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Muchachos

Volunteer firefighters in Plattsmouth enjoy a free meal Sunday from Muchachos, a food truck business operated by Nick Maestas, who lives in Eagle and works in Lincoln.

In Lincoln, the most that most of us have had to sacrifice to the historic Nebraska flood of 2019 has been a flush or two of the toilet.

Or a long, hot bath, a clean load of laundry, a newly washed car.

But that doesn’t mean citizens haven’t gone out of their way to lend a hand to fellow Nebraskans in ways big and small.

Giving to the Red Cross, the Salvation Army, the church offering plate.

And more.

Here is a sampling of the ways:

Much help from Muchachos

Nick Maestas was scrolling Twitter on Saturday when the depth of the disaster got him thinking.

Maestas has a day job at Archrival, but started up a food truck business on the side a few years back. Muchachos serves smoked-meat tacos and tostados and hash chili, inspired by his love of barbecue and his grandparents’ cooking.

Usually, he serves his fare at breweries and weddings and local events, but Sunday, he found himself at the fire hall in Plattsmouth, feeding 35 to 40 volunteer firefighters who had been working nonstop filling sandbags with no end in sight.

“You could see the looks on their faces,” Maestas said Tuesday. “Just to be able to enjoy a hot meal with each other, enjoy life for a couple of minutes.”

Maestas had planned to shoulder the cost of the meal himself, but when his Twitter followers got word, he ended up with $1,000 (and six volunteer servers who made the trip with him).

The eight trays of pulled pork, buns, chips, bottled water and dessert he carted to Plattsmouth were enough for 300 people.

Leftovers for days to come, he said.

“They’ll probably be sick of pork.”

The food truck owner has money left over and plans to use it.

“We’re going to go out again this weekend, probably to Valley or Fremont.”

Muchachos

Nick Maestas and a team of helpers served a hot homemade meal to volunteer firefighters in Plattsmouth on Sunday. Maestas owns and operates the food truck Muchachos. 

Runners to the rescue

It started with a Monday morning post on the Lincoln Running Co. Facebook page.

Store manager Ann Ringlein was heading to North Bend to deliver supplies. “My daughter is the grade school principal there and the town needs help,” she wrote. ”If you can donate anything we’d be glad to take it for you!”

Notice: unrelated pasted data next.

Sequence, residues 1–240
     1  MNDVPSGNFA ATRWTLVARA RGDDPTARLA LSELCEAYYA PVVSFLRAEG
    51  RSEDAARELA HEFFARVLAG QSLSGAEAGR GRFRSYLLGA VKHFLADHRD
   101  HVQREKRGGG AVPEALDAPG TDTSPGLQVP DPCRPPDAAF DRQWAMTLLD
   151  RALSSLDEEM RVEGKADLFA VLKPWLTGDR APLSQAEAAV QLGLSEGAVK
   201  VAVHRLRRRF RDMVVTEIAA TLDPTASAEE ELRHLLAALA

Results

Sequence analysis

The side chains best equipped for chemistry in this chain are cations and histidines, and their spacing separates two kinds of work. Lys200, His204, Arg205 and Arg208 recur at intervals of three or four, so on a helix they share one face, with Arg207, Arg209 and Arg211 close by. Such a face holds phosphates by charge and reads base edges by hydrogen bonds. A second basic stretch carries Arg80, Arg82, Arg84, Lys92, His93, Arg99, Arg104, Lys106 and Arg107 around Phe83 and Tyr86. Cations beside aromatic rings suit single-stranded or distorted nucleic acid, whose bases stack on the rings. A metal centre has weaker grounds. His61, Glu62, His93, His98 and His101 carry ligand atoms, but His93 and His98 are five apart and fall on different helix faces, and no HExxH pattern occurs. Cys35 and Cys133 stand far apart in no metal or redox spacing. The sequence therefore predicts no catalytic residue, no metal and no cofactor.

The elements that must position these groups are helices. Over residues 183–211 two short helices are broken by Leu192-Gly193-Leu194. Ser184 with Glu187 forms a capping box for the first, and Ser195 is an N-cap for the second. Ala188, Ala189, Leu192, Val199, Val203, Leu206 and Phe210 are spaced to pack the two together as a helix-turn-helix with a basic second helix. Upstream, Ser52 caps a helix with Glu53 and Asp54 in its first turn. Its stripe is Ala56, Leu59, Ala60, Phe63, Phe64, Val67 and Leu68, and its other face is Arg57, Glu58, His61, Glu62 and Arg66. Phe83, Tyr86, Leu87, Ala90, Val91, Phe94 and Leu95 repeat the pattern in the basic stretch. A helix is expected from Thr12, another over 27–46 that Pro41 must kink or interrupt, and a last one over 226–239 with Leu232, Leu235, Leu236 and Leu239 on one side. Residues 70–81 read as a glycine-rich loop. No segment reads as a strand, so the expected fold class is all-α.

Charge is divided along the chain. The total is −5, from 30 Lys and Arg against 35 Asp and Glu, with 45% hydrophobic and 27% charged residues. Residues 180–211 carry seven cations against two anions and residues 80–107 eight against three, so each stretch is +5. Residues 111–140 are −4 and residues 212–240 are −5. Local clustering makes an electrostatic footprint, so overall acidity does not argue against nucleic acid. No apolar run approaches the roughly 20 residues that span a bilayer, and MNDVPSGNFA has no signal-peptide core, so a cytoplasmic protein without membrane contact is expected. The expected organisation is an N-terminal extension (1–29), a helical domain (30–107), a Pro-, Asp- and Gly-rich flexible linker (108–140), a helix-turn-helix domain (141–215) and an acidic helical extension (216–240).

Two days later, Ringlein had enough supplies dropped off at the store on Q Street to stuff seven cars. Everything from diapers to disinfectant to buckets and brooms.

“This is why I love Lincoln,” Ringlein said via email Tuesday. “One FB post on our page and BOOM!”

Stuff the bus

The Skyview Learning Academy did more than stuff a bus last weekend when it set up in the Super Saver parking lot at 56th Street and Nebraska 2.

The private Christian school south of Bennet handed out flyers to shoppers as they entered the grocery store and nearly every cart stopped with a donation on the way out.

“So far we have filled two semis, a 26-foot U-Haul and three trailers,” said Michele Ray, school director. “We have another semi that we’re rolling out on Friday.”

Total in pounds: 128,000.

The school is continuing its collection efforts from noon to 7 p.m. daily at 57th Street and Old Cheney Road — next to the Juice Stop — with supplies making their way north and west to Rock, Burt, Boyd, Cherry and Keya Paha counties.

“We will be open every day from now until the urgent needs have diminished,” the school wrote on its Facebook page. “PS — We need contact solution donated to us badly!!!”

School volunteers will also be at the south Menards location Saturday and Sunday, collecting supplies for rebuilding.

In solidarity with the Santee Sioux

When the Dandelion Network — a group of community organizers brought together by concerns over climate change and social justice — thought about ways to be of service during the flooding, they reached out to the Santee Sioux Tribe in northeastern Nebraska.

“Disaster aid isn’t always equitable,” said Dandelion member Ella Durham. “It seemed like a natural place for us to have an eye on.”

The network organized quickly Monday, after discovering a member was heading to Sioux City on Wednesday morning and was willing to ferry supplies to Santee, where flooding temporarily knocked out electricity and repairs to the water system are needed.

Collection sites include the Hot Mess bar on 11th Street (through closing Tuesday) and until 8 a.m. Wednesday at Goldenrod Pastries, 48th and Prescott Avenue.

Supplies will leave Lincoln at 9:30 a.m. Wednesday from The Hub, 1037 S. 12th St. The tribe is in need of baby food, diapers, menstrual supplies, Ensure for elders, bottled water, disposable diapers, baby wipes and formula.

And there's more

The Center for People in Need sent a truckload of supplies off to Fremont Baptist Church on Tuesday. B&R Stores and Super Saver are teaming with Cornhusker International Trucks through Friday to fill school buses with flood relief supplies and ship them to the Salvation Army for distribution. Volunteers from Good Shepherd Presbyterian Church filled 75 cleanup buckets and hygiene kits over the weekend, with 25 more to go.

#NebraskaStrong photos, videos

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Reach the writer at 402-473-7218 or clangekubick@journalstar.com.

On Twitter @TheRealCLK.

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Columnist

Cindy Lange-Kubick joined the Lincoln Journal Star in 1994 and has loved covering life in her hometown ever since. Will write for chocolate. Or coffee.

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